If you’ve just got a camera for Christmas, or you’re looking for ideas for what to shoot, you’ve come to the right place. Here are five ideas for shots worth looking out for this festive season. Whether your camera is brand new or just about hanging in there, these five shots are achievable no matter what gear you own

1. Blurry Backgrounds

Known as bokeh (Japanese for blur), this is the trick of making your subject stand out by blurring the background. It’s achieved by using a wide open aperture (f2.8 or even lower if you can). The smaller the f-stop number, the more blur you get.

You’ll need a fast lens to do it justice, but the best place to try out the effect is at home. You’ve probably seen shots of Christmas baubles hanging from the tree, with blurred Christmas lights behind. This is easy enough to achieve provided your lens is fast enough. However, if your lens isn’t fast enough, you can still fake it.

Keep the Christmas tree in the background but hold your bauble in front of the tree and as close to the lens as you can get it (while still being able to focus). Now increase the distance between the bauble and the tree. When you focus on the bauble, the tree goes out of focus. The further you move the bauble from the tree, the more blur you’ll see in the background. This works pretty well with still-life photography like baubles and Christmas trees, but it works even better with people. Get lots of blur in the background and your subject will really pop out of the shot.

If your lens isn’t fast enough to achieve these kinds of soft, creamy, blurred backgrounds, think about investing in a new one. Our f1.8 lenses are the perfect place to start.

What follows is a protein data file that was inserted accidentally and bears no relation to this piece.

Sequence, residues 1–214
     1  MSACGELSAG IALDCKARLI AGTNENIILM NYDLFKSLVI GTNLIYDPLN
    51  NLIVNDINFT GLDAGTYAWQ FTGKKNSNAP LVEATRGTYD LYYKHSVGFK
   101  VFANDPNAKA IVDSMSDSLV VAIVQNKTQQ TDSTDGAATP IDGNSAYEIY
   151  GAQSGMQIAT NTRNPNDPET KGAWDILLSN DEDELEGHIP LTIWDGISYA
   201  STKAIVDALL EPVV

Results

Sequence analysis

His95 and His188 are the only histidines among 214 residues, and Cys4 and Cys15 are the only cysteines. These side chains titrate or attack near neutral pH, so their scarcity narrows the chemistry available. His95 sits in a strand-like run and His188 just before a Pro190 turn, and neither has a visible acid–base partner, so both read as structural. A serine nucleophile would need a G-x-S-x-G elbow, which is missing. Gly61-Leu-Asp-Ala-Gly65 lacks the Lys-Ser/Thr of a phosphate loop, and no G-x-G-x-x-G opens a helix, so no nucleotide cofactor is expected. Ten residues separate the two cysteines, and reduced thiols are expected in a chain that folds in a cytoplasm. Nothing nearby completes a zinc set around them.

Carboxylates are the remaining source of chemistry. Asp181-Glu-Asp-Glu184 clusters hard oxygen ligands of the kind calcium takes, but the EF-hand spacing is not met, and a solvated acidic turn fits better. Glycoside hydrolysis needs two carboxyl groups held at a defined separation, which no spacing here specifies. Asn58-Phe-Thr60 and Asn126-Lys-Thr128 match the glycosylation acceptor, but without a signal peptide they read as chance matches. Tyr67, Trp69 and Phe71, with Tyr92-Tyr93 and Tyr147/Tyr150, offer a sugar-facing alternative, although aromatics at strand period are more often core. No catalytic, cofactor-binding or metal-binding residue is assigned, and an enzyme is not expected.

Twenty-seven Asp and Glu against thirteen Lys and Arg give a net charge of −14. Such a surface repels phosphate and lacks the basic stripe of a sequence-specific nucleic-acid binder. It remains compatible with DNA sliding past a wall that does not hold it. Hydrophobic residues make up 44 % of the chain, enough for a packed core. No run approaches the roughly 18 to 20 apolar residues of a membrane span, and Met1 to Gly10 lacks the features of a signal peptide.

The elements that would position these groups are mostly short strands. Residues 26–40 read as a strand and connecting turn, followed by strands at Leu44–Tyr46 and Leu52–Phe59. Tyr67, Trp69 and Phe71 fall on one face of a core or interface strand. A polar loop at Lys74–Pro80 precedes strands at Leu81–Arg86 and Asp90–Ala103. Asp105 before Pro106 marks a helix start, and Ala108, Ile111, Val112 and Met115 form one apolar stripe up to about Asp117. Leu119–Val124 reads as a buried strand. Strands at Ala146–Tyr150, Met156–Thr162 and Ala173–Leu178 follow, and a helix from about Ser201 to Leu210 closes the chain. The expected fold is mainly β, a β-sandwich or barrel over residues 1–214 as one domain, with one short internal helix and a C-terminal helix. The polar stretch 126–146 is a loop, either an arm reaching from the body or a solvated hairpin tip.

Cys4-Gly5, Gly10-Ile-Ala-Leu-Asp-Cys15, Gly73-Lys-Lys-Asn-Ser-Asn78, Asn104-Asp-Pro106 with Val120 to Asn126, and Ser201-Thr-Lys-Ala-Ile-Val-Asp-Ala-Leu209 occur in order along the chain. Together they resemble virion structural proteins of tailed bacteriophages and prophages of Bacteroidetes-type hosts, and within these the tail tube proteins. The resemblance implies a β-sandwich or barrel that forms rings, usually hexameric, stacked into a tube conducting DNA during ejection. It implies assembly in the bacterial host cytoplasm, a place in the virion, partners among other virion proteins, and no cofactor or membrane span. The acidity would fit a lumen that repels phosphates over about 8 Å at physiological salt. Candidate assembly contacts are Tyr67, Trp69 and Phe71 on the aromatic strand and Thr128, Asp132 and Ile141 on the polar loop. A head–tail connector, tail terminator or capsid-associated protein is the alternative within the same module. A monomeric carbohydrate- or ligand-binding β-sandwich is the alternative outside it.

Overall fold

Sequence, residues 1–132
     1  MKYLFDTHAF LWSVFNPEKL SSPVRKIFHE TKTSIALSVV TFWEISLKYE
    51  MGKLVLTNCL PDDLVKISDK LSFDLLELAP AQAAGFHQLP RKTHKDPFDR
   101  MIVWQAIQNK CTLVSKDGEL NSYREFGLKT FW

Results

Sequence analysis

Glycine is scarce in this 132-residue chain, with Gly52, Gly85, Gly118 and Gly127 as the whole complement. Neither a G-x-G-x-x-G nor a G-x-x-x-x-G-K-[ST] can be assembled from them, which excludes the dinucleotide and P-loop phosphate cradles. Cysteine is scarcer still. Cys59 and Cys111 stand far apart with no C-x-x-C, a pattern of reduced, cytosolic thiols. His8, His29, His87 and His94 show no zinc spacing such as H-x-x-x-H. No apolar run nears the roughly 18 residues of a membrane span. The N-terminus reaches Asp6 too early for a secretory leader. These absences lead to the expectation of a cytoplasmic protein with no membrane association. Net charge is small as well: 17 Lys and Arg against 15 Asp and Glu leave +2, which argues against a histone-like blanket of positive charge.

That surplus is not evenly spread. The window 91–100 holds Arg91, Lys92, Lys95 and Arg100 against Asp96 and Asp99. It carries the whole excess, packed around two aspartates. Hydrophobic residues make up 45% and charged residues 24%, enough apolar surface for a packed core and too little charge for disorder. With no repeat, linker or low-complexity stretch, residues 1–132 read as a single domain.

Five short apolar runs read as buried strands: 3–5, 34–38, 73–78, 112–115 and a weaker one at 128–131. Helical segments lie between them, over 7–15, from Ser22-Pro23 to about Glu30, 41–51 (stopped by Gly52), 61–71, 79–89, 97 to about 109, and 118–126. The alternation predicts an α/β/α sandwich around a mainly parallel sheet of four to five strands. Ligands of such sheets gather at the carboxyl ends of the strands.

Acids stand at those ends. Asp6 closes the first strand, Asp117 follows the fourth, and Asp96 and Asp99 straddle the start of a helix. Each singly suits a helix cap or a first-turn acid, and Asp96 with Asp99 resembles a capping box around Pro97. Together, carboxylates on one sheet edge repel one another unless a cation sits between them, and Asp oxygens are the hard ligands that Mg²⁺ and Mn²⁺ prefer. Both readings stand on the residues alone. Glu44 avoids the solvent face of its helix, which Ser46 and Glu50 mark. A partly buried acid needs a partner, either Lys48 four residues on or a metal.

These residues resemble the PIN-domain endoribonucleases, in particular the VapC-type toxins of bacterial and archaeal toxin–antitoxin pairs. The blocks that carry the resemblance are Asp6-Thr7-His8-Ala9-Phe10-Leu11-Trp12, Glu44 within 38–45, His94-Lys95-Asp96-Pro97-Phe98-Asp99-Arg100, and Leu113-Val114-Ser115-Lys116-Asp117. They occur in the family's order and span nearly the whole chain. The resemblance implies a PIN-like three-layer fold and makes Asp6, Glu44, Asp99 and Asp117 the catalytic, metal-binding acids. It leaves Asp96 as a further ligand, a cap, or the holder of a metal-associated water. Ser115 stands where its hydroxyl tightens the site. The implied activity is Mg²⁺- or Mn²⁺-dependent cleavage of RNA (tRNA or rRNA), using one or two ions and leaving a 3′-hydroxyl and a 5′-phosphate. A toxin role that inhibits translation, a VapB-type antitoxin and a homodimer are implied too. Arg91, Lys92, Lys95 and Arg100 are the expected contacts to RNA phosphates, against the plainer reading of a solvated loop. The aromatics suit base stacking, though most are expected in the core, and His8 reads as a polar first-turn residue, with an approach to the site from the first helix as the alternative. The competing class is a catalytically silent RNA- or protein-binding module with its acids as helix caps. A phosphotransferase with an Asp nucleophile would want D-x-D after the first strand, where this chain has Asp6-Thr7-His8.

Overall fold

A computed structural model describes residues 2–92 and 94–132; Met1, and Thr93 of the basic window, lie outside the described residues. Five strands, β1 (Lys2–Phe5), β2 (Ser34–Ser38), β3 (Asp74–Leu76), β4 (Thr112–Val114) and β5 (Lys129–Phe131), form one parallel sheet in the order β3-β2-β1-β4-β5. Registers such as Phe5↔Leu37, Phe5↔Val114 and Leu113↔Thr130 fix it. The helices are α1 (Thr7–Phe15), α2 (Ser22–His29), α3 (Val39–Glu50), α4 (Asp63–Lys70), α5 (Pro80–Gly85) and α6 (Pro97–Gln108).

image shot by: Aaron Burden

2. Intimate details

Simple compositions can have much more impact than shots that try to include everything. Find a small detail that communicates Christmas and concentrate your lens on it. It could be four simple gold baubles on a white background, or a single bauble presented by a family member.

image shot by: Annie Spratt

 

3. Street shots

Christmas is about moments, and when it comes to capturing a uniquely special moment that defines the festive season, street photography delivers… provided you have the time to sit it out.

Christmas means different things to different people. Whether you’re after typical Christmas shots, or something with an edge that communicates the grittier side of the season, getting outside is the way to go. If you’re lucky, it might even snow…

Because they’re silent, mirrorless cameras are ideal for street photography. The LCD screen on the back also enables you to compose and shoot your image without even holding your camera to your eye. Perfect for those times when you want to catch a special moment without being noticed.

image shot by: Craig Whitehead

4. Light trails

Put your camera on a tripod (or perch it somewhere stable) and you no longer have to worry about keeping your camera still. It means you can drop your ISO to its lowest setting and get everything razor sharp. But you can do more than this. With your camera completely steady, during the exposure any movement of the lights in your composition will create light trails. The length of the light trail will be determined by the length of your exposure time and how fast the lights are moving. Set your camera up at the roadside with a landmark building in the background and catch trails of light from car headlamps and tail lights. While this works great at any time of the year, it’s only at Christmas that you get a chance to mix the ghostly light trails with steady coloured lights from street decorations. Perhaps surprisingly, this also works well in black and white with a single primary colour as an accent.